Grace Warnock – A sign to change attitudes



August 8, 2018

In 2015, shortly after her diagnosis with Crohn’s disease, nine-year-old Grace Warnock decided she wanted to change how people reacted to those who needed to use a disabled toilet but didn’t have a visible disability.

The idea came after Grace met some volunteers from CCUK (Crohn’s and Colitis UK) and they discussed what it was like to live with the condition on a daily basis.

Grace says, “The thing we had in common was people with invisible conditions sometimes face being judged when using a disabled toilet, because although they need the facilities they didn’t look like they should be allowed. No one should be judged and verbally abused for using toilet facilities just because someone decides that they are not disabled enough.”

a sign on a toilet door showing four people in a line, one in a wheelchair and the other three with heart symbols on their chests.
The sign on the door of V&A Dundee’s accessible bathroom facilities. ©RossFraserMcLean

As a result of those conversations, Grace designed a new sign to show that not all disabilities are immediately obvious. The sign shows people standing alongside a person in a wheelchair, making clear that the facilities are for people with a range of needs. Those standing have a heart symbol on their chest, both representing invisibility and reminding others to have a heart and not judge what can’t be seen.

Three people in hi vis jackets stood in front of a bathroom door with grace's sign on it, welcoming all people to use the bathroom, including those with invisible disabilities.

Grace sent the design and a letter to her local MSP, Iain Gray, who arranged to meet her at the Scottish Parliament and invited along representatives from disability forums. During discussions the ‘Grace’s Sign’ campaign was born and the first sign was displayed at the Scottish Parliament. The sign has since been installed across the country including at sports centres in East Lothian and Inverclyde, as well as at Edinburgh Airport.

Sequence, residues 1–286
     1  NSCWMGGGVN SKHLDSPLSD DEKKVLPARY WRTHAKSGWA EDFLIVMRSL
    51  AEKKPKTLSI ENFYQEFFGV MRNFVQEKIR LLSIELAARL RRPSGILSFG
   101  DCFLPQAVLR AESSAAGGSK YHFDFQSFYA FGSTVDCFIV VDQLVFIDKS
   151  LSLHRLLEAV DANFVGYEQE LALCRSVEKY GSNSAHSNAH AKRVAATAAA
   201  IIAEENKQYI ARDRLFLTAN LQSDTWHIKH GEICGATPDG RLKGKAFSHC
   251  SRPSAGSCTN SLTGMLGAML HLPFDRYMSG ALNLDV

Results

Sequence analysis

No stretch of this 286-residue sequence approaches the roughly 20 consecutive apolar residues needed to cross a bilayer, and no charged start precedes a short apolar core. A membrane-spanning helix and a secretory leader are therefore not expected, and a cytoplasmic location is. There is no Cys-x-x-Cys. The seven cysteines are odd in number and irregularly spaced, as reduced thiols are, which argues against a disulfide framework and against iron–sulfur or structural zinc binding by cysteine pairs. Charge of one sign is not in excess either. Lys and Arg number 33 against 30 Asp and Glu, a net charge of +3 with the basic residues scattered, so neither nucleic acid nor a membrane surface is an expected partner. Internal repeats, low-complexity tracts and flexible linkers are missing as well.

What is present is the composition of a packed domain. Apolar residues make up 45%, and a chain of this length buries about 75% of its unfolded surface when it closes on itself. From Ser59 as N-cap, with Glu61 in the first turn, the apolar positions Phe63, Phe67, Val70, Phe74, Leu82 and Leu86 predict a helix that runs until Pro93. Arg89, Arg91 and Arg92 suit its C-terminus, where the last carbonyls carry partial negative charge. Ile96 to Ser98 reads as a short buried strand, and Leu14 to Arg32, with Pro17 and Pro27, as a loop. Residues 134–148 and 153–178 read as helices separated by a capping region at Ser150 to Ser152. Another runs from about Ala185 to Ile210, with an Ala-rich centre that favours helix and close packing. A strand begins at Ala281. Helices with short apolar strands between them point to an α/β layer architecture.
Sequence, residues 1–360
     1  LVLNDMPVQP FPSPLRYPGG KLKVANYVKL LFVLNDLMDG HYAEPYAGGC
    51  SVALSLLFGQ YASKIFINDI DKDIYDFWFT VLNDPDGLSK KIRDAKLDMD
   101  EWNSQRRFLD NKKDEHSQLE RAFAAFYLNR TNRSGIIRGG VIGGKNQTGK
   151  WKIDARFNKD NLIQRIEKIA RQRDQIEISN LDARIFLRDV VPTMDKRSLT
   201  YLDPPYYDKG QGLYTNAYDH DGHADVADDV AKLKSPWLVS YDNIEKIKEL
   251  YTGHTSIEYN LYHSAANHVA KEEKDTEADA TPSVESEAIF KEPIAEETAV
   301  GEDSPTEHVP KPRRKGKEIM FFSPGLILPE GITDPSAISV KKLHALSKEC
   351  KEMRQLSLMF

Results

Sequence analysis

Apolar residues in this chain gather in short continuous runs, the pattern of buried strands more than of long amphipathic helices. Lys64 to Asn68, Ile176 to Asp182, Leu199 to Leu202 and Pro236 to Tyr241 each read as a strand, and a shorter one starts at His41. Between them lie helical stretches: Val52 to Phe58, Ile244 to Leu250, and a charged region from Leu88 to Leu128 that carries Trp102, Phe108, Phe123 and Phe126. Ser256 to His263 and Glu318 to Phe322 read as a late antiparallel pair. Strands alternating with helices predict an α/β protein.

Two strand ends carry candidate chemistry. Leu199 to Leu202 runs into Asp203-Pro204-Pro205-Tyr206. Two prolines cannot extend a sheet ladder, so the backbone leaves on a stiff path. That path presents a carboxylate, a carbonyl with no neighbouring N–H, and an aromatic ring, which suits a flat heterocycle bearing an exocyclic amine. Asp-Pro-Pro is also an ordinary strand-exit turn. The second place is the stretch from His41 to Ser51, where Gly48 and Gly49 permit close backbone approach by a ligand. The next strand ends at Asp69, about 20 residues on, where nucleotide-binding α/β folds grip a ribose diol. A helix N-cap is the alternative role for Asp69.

“It is amazing that a letter written by a nine-year-old to our local MSP has led to such a change throughout the country”, says Grace. “It has been wonderful how many people are behind the campaign and how much it means to those with invisible disabilities. Seeing your design spread a very important message is something I never thought possible.”

Grace, a young girl, wearing a red dress and holding up her Young Scot award

Grace has received huge recognition for her campaign. Last year she was awarded a British Citizen Youth Award; she has met the First Minister at Bute House in recognition of winning a Young Scot Award and met with The Duke of Cambridge and Prince Harry as part of the Radio 1 Teen Awards.

Grace, a young girl, meeting Nicola Sturgeon, Scotland's First Minister

Grace says, “My local MP, Martin Whitfield, is trying to get my sign adopted in Westminster. My goal this year is to get the sign used by schools so that the message can be taught at a young age and children grow up knowing all about invisible disabilities.”

Grace’s Sign will be featured as part of the accessible bathroom facilities for visitors at V&A Dundee when we open on Saturday 15 September. The museum will also have a Changing Places toilet for visitors with profound disabilities.

We are delighted to welcome Grace Warnock as a V&A Dundee Design Champion, recognising her commitment to changing perceptions around invisible disabilities.

To find out more, visit the Grace’s Sign Facebook page.

The V&A Dundee Design Champions are inspirational designers creating high-quality work and helping to enhance people’s lives, or champions of the power of design to improve the world.

We will announce 50 Design Champions in the run-up to the museum opening on Saturday 15 September 2018.

 #VADchampions

V&A Dundee’s Design Champions project is working with Dezeen as its media partner.

Dezeen is the world’s most popular and influential architecture and design magazine, with an audience of 2.5 million unique visitors each month.

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Comments

The wheelchair symbol is outdated given the broad spectrum of disabilities that have been recognised for several years. It would be great to design a new Disability symbol that is universal ie recognises all variation of mental and physical disabilities. .

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